Lauralee is a staff writer for Justmeans in the Education category. Lauralee also works at a community college in the Community Programs Department. She is an expert in teaching and leadership. She believes in raising education's standards and rewarding those who make strides in the field. Her passions include empowering communities with educational practices and implementing proven practices....
Crafting papers and analyzing literature with young students is difficult, as no one teaching formula exists. Grammar is a tool, as it is more than the mistakes of a language, as so many believe. 'Grammar' is "the language that makes it possible for us to talk about language," as NCTE's current grammar guideline begins. Speaking the same language-understanding where the rules are modifiable and where they are not-would help with the accumulative process involved with language arts. (How would math teachers explain lessons without using 'multiplication' and 'derivative'?) That is the fault with what NCTE put forth for teachers, because it made incorrect assumptions: One, that teachers were not teaching grammar in context and two, that students would pick up grammar through other lessons.
Students rarely do take hold of items taught in isolation; imagine learning the parts of a microscope, without ever seeing a microscope. Teachers should not teach the parts of a sentence or self-editing skills without using student papers. However, students need basic knowledge first. Learning and memorizing grammatical terms may bore students, but as these past years without grammar instruction have proven, it is necessary. Even NCTE's recent guidelines show this; the guidelines are longer and take into consideration that most state standards require grammar: Traditional drill and practice will be the most meaningful to students when they are anchored in the context of writing assignments or the study of literary models. Decades later, NCTE finds a place for traditional grammar study.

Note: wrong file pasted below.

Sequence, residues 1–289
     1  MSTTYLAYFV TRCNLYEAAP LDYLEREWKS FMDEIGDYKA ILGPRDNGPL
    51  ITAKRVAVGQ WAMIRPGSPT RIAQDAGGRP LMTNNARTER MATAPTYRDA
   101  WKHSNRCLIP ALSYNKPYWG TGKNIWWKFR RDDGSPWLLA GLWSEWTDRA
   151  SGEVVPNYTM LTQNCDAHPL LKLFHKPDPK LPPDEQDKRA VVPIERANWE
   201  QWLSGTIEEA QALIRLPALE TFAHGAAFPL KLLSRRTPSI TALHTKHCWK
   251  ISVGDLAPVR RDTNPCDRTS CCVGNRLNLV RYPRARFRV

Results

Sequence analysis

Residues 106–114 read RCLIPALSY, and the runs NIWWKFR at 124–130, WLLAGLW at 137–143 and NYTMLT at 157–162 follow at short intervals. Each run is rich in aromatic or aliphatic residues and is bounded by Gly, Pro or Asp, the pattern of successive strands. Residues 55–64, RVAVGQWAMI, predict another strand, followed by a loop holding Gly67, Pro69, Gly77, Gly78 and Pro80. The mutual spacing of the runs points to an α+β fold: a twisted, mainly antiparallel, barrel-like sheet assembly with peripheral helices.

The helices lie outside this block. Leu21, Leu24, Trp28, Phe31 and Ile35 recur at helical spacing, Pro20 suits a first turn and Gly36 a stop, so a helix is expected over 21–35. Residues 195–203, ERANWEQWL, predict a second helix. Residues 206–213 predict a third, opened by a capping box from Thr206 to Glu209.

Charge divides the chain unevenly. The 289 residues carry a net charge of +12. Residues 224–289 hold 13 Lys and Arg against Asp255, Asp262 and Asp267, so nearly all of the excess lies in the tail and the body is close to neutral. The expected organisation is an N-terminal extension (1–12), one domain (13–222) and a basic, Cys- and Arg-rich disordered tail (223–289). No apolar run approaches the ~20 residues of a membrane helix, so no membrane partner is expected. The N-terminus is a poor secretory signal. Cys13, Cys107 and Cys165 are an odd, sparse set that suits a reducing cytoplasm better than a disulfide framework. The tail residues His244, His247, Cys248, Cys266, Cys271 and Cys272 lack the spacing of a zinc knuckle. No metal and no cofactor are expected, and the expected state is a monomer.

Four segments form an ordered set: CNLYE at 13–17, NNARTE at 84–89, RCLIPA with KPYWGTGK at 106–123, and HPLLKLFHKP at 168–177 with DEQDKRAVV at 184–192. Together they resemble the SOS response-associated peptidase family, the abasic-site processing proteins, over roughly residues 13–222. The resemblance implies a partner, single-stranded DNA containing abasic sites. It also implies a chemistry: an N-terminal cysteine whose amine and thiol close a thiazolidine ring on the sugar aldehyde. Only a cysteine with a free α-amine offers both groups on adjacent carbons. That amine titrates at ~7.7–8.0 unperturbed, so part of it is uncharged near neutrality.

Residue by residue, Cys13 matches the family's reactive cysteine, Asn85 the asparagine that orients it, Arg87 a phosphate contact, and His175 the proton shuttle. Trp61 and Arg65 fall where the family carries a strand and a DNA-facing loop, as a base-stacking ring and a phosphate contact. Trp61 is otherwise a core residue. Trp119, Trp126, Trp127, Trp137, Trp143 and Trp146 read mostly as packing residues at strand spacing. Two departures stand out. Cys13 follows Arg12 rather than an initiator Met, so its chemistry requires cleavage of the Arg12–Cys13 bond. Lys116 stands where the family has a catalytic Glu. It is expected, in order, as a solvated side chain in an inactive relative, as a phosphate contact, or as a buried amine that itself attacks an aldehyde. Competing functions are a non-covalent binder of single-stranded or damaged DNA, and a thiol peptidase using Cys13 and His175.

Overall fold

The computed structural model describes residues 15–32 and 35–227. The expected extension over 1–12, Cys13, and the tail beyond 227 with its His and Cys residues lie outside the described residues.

Given distance, it is silly to think that ignoring the foundation of a language would not lead to poor writing and speaking skills. The elimination of grammar has residual effects in school systems. If schools implement NCTE's recent grammar suggestions, teachers who never diagrammed sentences themselves will be teaching grammar. How long will it take for grammar to infiltrate American curriculum again? Will school boards and curriculum directors see the importance of buying new grammar-supported textbooks? Will districts have the money? NCTE dictates language art guidelines. Its presence is at seminars and college classes. Twenty-five years ago, the organization made an egregious error by minimizing grammar instruction. Today, ill-advised teaching methods concerning grammar still hurt students.
Photo Credit: Horia Varlan